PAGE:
John Ellis, M. D., author of “Avoidable Causes of Disease,” “Deterioration of the Puritan Stock,” etc., says upon this subject: “lam satisfied that the chief causes of the social evil . . . are the use of intoxicating drinks and narcotics . . . and the fashionable modes of dress among women.”
A lady in one of our large cities whose husband is a quiet but indefatigable worker among wicked fashionable young men, told me that again and again men said to her husband, “If I am to live right I must give up balls, society, everything. The wine, the undress of the ladies, are too much for me every time. We rush from the ball to the brothel. Every great ball prepares a harvest for that sort of place.”
An American gentleman who has recently spent much time in France, observed very carefully the effect of wine upon young, even little, children. As all children drink at table d’hote, he had plenty of opportunities to observe. He saw so frequently a plainly marked excitement in this direction that he became convinced that wine is an important factor in bringing about the early and common impurity in the country. In view of these facts I appeal to the supporters of this Congress who are not yet identified with the temperance movement, to give us your voice and vote to remove this potent stimulant to sexual vice, not only in our country but all over the world.
Most of us must give ourselves mainly to one reform only, but occasions frequently arise when one Society can give countenance and help to another, and we can always help each other at the polls. The W.C.T.U. in all State and National legislation the Purity Association may undertake, will help you to the limit of our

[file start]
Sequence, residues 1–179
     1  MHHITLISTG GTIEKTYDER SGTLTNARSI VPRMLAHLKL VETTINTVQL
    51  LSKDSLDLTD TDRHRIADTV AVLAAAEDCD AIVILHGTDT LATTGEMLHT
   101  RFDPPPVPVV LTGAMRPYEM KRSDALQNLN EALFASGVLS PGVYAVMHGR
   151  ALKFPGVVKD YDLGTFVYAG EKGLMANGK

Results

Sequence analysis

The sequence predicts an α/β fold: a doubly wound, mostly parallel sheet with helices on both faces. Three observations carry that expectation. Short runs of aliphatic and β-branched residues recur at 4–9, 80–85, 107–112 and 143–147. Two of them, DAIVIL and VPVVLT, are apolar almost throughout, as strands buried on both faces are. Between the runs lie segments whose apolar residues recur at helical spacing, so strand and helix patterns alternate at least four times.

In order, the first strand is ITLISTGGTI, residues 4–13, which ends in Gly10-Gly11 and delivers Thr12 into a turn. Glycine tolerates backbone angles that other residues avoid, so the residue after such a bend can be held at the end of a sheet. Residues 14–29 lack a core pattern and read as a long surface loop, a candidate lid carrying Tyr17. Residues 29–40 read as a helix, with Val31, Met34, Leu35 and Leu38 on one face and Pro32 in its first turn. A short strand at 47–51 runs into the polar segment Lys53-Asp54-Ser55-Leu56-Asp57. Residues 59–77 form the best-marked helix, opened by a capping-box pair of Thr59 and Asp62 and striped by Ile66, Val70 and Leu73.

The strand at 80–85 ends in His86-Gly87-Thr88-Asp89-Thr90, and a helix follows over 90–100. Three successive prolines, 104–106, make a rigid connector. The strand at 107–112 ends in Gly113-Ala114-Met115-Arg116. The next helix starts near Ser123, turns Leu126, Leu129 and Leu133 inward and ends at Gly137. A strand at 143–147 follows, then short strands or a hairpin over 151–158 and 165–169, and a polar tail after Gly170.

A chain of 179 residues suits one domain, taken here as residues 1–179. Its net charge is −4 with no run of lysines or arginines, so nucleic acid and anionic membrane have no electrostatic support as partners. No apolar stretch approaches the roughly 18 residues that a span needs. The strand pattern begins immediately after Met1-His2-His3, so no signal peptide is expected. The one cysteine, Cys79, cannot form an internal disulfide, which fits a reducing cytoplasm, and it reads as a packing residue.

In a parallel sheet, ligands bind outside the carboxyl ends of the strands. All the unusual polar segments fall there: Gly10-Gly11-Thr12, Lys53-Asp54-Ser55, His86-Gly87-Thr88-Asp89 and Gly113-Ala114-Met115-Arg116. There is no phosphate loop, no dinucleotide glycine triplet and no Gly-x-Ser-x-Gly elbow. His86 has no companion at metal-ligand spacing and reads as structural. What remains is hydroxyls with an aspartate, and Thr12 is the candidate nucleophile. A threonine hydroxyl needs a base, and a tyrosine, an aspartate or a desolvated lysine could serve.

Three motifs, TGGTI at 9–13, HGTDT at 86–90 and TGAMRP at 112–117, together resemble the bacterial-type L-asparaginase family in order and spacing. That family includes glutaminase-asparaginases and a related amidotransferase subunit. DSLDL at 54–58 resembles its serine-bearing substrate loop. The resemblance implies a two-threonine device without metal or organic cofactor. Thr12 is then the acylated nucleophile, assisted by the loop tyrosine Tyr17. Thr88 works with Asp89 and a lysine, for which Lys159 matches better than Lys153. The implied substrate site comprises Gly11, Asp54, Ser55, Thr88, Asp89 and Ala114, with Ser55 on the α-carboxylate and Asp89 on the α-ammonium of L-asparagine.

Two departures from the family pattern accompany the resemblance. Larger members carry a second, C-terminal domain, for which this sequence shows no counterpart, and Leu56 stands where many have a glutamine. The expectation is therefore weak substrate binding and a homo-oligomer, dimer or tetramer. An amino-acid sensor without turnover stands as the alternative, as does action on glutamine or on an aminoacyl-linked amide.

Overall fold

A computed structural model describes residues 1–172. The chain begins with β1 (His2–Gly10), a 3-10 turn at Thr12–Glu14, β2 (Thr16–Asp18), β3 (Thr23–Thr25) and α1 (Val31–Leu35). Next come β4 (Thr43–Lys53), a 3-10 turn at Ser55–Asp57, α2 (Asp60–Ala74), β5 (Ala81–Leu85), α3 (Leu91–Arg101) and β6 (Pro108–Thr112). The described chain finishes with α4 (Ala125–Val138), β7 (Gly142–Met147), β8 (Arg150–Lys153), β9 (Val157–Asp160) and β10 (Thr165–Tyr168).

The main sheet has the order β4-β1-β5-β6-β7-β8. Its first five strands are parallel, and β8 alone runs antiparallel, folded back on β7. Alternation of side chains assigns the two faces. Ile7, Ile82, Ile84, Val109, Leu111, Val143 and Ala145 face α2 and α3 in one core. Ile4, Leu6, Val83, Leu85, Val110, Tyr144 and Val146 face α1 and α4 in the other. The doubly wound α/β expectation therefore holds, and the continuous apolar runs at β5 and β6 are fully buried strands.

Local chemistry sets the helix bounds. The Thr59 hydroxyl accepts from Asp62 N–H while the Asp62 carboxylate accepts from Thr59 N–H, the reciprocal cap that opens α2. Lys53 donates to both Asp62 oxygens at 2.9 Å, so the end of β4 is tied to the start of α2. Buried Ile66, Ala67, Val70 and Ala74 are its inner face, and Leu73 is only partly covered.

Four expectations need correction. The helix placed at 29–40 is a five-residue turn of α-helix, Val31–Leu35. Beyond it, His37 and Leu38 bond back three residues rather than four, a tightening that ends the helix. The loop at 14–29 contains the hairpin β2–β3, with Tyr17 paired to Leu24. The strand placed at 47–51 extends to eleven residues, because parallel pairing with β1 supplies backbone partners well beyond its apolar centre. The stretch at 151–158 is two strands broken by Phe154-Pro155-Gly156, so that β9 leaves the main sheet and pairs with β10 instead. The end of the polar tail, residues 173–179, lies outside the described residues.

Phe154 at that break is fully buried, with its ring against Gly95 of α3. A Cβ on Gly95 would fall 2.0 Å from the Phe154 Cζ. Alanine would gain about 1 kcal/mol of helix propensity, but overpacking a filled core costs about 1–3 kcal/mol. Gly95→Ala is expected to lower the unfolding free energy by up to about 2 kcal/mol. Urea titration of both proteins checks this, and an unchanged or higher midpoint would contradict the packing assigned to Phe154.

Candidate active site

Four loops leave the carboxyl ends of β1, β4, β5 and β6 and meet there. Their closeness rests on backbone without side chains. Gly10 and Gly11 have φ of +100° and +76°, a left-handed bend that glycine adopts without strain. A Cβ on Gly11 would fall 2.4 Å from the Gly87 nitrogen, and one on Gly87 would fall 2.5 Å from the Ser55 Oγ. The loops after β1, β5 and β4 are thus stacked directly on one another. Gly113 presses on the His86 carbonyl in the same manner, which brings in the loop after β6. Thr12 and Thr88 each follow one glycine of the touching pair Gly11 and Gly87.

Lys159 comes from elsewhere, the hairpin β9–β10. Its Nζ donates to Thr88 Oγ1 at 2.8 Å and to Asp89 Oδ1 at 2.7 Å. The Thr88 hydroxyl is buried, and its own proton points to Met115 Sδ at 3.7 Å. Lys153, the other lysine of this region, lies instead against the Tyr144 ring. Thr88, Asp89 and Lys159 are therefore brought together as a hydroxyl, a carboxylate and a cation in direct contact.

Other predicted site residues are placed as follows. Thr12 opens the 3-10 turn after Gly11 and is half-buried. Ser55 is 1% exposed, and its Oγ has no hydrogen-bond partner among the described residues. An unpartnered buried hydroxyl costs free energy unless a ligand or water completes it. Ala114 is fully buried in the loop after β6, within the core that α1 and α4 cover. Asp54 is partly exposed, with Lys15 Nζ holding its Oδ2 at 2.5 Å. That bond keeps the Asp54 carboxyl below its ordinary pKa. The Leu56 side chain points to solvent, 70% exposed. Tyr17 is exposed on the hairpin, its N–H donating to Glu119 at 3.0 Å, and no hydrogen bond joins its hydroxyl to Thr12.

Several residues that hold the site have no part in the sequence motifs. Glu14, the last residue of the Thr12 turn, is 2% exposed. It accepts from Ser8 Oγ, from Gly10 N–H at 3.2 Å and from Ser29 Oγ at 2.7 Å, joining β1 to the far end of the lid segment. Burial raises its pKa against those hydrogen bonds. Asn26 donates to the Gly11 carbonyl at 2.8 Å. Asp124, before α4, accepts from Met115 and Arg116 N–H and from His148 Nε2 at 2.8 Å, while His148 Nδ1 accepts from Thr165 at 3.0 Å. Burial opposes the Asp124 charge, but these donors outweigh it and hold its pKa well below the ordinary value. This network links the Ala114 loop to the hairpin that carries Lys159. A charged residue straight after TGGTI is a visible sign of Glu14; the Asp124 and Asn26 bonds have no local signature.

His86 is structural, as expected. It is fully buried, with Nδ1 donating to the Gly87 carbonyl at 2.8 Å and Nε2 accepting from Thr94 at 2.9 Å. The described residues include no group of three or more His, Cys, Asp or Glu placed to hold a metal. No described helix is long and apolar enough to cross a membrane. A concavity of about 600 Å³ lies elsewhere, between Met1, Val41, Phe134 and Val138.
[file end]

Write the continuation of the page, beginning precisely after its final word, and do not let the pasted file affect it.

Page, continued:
power and influence, while every step we gain is breaking down the obstacles to your ultimate triumph.
And now, as I have not, in reading my paper, consumed all the time I may fairly claim, I wish to bring forward three points vital to the success of the Purity Reform.
First: Woman was not created to be an adjunct of man, but co-ordinate with him; responsible to God only just as man is, in doing God’s work of peopling the earth, subduing it, and carrying on the world. As long as the opposite idea prevails, as soon as a man listens to the seductions of sin he will feel at liberty to thrust this being, created solely for his use, into whatever condition pleases him best. Hence polygamy, concubinage, divorce at the will of the husband alone, as in Japan, Egypt and other countries, and hence harlotry. The co-ordination of men and women must be taught to the young, especially to boys, everywhere and always.